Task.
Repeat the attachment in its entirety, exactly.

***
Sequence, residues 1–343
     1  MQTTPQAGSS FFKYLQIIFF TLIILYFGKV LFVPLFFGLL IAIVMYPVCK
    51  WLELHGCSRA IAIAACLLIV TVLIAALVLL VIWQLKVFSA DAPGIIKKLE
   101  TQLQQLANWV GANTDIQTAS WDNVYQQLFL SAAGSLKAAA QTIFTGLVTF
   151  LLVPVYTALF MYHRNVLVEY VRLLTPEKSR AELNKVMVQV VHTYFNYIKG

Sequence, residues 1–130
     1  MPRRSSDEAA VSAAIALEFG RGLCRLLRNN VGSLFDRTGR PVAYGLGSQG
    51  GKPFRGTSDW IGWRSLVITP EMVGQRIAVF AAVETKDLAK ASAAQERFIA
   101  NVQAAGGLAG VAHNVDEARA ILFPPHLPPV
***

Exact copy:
Sequence, residues 1–343
     1  MQTTPQAGSS FFKYLQIIFF TLIILYFGKV LFVPLFFGLL IAIVMYPVCK
    51  WLELHGCSRA IAIAACLLIV TVLIAALVLL VIWQLKVFSA DAPGIIKKLE
   101  TQLQQLANWV GANTDIQTAS WDNVYQQLFL SAAGSLKAAA QTIFTGLVTF
   151  LLVPVYTALF MYHRNVLVEY VRLLTPEKSR AELNKVMVQV VHTYFNYIKG

Sequence, residues 1–130
     1  MPRRSSDEAA VSAAIALEFG RGLCRLLRNN VGSLFDRTGR PVAYGLGSQG
    51  GKPFRGTSDW IGWRSLVITP EMVGQRIAVF AAVETKDLAK ASAAQERFIA
   101  NVQAAGGLAG VAHNVDEARA ILFPPHLPPV